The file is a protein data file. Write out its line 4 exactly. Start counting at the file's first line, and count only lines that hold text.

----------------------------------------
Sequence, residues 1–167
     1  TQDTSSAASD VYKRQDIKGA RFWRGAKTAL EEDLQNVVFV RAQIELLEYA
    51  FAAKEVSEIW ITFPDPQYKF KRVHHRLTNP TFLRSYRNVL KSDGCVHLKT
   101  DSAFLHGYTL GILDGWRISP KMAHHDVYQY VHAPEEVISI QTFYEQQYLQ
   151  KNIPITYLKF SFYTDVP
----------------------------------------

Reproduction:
   101  DSAFLHGYTL GILDGWRISP KMAHHDVYQY VHAPEEVISI QTFYEQQYLQ